When I was a TA in a game design class back in CMU (and funnily enough when I look back on my own designs in my student phase), I wanted to just take people by the shoulders and shake them and say “You don’t have to make something palatable! This is the only chance you will get to do something that breaks all the rules! Don’t saddle yourself with the burden of making the next Warcraft/Grand Theft Auto/Final Fantasy, there are bigger ideas out there that haven’t been explored and you are the ones who can do that!” This is what I mean. These games are largely done by students are a peek into daring new mechanics and maybe even new genres that the industry might actually pick up on in five years if it listens. Some will turn out to be gimmicks, but the spark of originality will always be best cared for by the students.

Followup on “What a Great Year”

This isn’t on the previous post’s list of things I wanted to talk about, but I’ve honed down the best games of 2007 list that I drafted in a previous post. My final list for 2007 is: Portal, Hotel Dusk: Room 215 and Passage. Passage wasn’t on my original list, but after really thinking about it, it deserves to be. While I really enjoyed Assassin’s Creed and Skate, they were both flawed games, that I am certain will improve on the inevitable iterations. I’ve lost the buzz I once had for Puzzle Quest, even though I still think it is a great game. And while Peggle is still the ultimate casual game, I probably won’t feel a need to come back to it in five years. Has the well ran dry on it? I’m I tired of being pledged to pay for the game for a third time?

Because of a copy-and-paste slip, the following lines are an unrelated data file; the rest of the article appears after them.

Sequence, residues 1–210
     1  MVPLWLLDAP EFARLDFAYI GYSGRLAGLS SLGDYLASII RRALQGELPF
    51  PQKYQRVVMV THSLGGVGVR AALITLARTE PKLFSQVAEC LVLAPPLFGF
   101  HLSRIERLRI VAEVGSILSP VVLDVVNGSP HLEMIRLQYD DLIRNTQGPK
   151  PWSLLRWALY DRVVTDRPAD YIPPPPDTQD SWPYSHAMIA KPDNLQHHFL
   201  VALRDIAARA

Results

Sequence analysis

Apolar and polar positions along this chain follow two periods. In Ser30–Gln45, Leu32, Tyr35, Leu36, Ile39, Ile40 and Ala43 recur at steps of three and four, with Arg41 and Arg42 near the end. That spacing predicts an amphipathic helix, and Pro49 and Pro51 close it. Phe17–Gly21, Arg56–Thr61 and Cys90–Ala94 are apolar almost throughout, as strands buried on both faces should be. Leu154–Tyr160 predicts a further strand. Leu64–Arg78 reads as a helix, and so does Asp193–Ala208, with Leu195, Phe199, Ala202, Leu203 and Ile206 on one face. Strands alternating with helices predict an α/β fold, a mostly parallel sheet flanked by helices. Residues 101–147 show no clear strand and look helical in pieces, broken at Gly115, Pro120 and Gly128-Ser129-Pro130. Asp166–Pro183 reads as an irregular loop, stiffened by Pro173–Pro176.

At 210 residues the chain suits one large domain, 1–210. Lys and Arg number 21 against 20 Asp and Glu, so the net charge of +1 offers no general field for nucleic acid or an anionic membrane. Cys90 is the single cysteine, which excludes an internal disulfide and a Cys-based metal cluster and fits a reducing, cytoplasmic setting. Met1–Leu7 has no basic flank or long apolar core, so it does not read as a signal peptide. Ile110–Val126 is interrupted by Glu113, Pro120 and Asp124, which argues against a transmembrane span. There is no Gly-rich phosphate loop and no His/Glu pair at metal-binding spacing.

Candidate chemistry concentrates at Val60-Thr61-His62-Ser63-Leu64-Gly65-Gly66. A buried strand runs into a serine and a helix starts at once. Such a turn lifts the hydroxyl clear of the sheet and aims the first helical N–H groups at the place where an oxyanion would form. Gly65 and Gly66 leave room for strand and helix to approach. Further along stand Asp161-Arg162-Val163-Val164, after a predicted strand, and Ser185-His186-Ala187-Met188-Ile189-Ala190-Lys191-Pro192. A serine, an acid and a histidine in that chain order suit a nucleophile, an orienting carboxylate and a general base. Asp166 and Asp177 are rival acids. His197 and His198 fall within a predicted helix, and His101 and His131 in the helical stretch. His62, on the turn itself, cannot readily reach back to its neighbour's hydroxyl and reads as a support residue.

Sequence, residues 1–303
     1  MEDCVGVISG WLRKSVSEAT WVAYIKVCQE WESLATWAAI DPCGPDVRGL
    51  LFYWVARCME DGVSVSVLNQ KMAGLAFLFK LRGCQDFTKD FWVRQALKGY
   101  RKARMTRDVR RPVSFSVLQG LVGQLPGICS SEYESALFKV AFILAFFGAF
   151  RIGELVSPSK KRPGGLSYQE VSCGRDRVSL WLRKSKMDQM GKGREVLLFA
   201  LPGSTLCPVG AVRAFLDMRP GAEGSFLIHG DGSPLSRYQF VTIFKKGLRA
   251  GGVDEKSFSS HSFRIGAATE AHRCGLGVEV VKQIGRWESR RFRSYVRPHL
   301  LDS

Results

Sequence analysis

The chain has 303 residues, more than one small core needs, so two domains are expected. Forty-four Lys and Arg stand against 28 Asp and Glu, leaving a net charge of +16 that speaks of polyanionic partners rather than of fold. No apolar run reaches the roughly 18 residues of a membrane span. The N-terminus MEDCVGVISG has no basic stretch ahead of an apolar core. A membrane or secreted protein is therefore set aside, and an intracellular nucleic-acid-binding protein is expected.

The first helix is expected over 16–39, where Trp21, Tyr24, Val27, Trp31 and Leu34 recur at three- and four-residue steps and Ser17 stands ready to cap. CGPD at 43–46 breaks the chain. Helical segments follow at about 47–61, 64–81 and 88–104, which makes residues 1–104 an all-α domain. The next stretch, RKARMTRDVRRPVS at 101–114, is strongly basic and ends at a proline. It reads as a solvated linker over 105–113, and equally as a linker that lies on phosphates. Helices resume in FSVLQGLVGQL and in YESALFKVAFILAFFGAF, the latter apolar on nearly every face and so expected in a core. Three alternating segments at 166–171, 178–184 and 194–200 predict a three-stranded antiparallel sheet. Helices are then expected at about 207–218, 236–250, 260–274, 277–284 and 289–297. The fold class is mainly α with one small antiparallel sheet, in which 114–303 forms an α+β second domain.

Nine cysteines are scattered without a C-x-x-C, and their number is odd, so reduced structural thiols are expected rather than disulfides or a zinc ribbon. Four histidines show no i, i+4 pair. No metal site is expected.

As I grow older or rather as I grow more annoyed by working in the industry, I am less impressed by excellent execution on stale ideas. Madden is still an alright game every year, but I find it hard to care, even though I share studio space with the people who give it life. I’m at the last boss in Eternal Sonata which is essentially Final Fantasy VII/Star Ocean: Second Story with a more interesting coat of paint. And while I’ve put thirty hours into it and enjoyed it, it is a saccharine kind of joy because while the mechanics are extremely sound, they just don’t produce the same aesthetic that they did ten, five or even two years ago. I realize that isn’t a problem with the game, but with me.

Rest assured, I’m not straying to incomprehensible pap in a weak attempt to find something new (For instance, Space Giraffe is still a terrible game), I just think my barometer for fun is becoming a little more sensitive to certain inputs.

I read this thread about whether Portal or Passage is the better game with mild disdain. While Kotaku commentors rank only above Gamespot/IGN board posters and Youtube commentors on the intelligence food chain, I was surprised to see people insisting that Passage wasn’t a game. This is literally the stupidest non-trolling statement I’ve ever read on the Internet. By any reasonable definition, Passage is a game. Unless your definition of a game is “interactive software that I am told I will like by websites if I pay sixty dollars for it”, then maybe it isn’t a game, but I don’t know many people who openly subscribe to that ethos. I’ve seen people comment that Twilight Princess had a great, original story in the same tone that one would say “We’ve always been at war with Eurasia”, but I really think calling Passage a non-game takes the cake if cake was an honorable mention for a kind of ludo-Darwin award.

Sorry for the digression. Back to normal posting soon.

Stay Off My Lawn Post